Exercise is not only safe for breast cancer survivors, but it can also improve overall health and long-term survivorship. The American Cancer Society recommends that cancer survivors engage in 150 minutes of moderate or 75 minutes of vigorous intensity physical activity, along with at least 2 strength-training sessions each week. A good exercise program will help to reduce the side effects of surgery and treatments. These side effects can include fatigue, neuropathy, decreased range of motion, weakness, lymphedema, and a significant emotional toll. Once you start to exercise and have less pain, stiffness and more energy, you will be motivated to continue.
Before beginning a cancer exercise program, a cancer survivor must receive medical clearance. It is also important to understand the implications of your particular surgery and the corrective exercises needed to improve recovery.
Exercise may reduce the chance of recurrence, and it is therefore more important than ever to add exercise to your recovery plan. Physical activity during treatment can reduce common side effects such as fatigue, pain, nausea, depression or anxiety. Exercise helps you to clear your mind and find inner strength.
It is helpful to have both short term and long-term exercise goals. Goals should be able to be adapted to changes in work, health, and family situations. If you are new to exercise, select an activity and set an achievable goal. Slowly add exercise to your daily activities and find something that works with your lifestyle.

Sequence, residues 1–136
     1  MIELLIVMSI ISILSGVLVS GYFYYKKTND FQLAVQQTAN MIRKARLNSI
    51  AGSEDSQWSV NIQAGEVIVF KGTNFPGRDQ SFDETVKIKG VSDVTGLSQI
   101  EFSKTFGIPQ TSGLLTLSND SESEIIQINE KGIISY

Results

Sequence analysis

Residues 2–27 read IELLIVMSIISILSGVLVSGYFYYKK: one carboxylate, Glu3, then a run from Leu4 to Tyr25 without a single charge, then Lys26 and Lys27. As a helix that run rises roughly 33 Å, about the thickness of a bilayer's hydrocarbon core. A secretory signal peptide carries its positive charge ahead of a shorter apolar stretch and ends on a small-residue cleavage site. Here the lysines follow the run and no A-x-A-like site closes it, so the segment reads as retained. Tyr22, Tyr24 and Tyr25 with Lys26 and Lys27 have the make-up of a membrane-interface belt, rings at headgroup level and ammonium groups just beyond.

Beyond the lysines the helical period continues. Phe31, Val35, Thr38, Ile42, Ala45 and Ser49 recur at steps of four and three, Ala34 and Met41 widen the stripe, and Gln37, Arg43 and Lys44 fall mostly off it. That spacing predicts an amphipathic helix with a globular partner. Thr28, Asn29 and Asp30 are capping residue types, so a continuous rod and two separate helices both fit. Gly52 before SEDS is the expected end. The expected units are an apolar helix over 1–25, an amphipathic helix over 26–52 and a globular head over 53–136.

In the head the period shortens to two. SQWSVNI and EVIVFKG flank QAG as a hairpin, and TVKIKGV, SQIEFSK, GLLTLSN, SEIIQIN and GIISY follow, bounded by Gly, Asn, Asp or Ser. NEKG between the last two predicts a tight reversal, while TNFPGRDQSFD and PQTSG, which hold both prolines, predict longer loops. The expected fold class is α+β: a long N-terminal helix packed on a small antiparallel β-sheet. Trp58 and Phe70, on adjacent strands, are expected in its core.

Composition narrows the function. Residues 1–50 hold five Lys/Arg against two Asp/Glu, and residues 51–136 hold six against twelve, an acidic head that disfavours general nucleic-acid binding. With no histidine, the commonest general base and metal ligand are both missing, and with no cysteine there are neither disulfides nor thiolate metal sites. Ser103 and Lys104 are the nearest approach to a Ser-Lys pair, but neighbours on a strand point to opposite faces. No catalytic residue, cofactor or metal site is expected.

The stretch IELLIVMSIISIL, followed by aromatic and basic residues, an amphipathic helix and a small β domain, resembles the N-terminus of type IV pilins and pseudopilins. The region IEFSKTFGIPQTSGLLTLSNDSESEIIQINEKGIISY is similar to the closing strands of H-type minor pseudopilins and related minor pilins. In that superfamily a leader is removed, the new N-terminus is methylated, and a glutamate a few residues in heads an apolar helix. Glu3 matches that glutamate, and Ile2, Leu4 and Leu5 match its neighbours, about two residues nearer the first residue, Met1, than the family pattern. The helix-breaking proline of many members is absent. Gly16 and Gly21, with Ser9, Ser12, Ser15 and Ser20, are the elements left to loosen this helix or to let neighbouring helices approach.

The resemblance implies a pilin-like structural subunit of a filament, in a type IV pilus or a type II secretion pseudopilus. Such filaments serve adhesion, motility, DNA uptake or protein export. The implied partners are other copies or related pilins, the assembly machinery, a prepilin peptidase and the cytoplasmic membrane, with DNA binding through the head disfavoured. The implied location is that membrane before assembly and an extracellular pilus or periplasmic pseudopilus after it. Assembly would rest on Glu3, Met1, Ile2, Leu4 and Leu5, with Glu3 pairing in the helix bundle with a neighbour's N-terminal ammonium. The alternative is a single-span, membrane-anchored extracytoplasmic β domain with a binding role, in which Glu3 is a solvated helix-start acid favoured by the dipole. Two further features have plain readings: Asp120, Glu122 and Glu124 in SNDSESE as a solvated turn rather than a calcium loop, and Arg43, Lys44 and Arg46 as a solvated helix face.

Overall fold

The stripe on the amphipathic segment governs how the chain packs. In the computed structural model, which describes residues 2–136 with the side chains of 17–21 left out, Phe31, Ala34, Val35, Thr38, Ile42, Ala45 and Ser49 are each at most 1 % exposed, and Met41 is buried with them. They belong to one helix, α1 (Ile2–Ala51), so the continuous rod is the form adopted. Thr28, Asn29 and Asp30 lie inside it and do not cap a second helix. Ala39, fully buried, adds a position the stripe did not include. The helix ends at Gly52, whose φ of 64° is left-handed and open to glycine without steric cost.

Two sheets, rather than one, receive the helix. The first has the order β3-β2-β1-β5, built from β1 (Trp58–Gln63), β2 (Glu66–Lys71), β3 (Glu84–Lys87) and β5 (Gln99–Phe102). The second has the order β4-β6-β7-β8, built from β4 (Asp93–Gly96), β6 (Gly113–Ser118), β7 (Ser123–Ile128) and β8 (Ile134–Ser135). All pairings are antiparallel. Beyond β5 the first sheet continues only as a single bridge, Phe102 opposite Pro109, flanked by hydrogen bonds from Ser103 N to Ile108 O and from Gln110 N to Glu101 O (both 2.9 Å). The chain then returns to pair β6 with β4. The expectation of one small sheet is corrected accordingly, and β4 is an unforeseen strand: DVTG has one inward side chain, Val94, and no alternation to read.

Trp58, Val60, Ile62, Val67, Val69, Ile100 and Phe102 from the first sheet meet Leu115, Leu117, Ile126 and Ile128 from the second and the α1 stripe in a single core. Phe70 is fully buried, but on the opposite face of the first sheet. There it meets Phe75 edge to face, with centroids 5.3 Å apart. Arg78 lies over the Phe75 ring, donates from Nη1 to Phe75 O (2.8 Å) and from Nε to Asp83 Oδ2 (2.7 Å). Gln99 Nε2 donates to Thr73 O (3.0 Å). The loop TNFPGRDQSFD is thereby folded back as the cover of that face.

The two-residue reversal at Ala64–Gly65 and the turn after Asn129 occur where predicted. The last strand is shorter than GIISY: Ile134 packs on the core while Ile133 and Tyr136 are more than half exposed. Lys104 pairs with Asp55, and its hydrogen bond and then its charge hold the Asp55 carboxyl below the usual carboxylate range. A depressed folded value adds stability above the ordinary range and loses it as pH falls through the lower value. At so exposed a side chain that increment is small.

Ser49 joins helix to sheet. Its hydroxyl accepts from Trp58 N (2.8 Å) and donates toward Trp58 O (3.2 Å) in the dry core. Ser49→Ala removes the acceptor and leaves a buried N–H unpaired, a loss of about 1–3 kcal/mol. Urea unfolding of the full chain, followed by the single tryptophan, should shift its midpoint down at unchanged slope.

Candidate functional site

Weight gain is often a side effect of breast cancer. Being overweight has been linked to an increase in recurrence of breast cancer. Keeping up with an exercise routine will help survivors to maintain their weight and lose body fat.
I recommend survivors work with a cancer exercise specialist or a physical therapist that can design the best program for your unique situation. Check with your physician or other specialist tracking your survivorship care for recommendations on qualified exercise providers who can create a program based on your treatment plan and fitness level
Find programs, either individual or small group, that will help you to achieve your goals in a warm, friendly setting. The camaraderie and support of a small group can make taking care of your health enjoyable, fun and act a support group.
Contact www.CarolMichaelsFitness for information on working with a personal trainer or joining a small group exercise class for cancer survivors.
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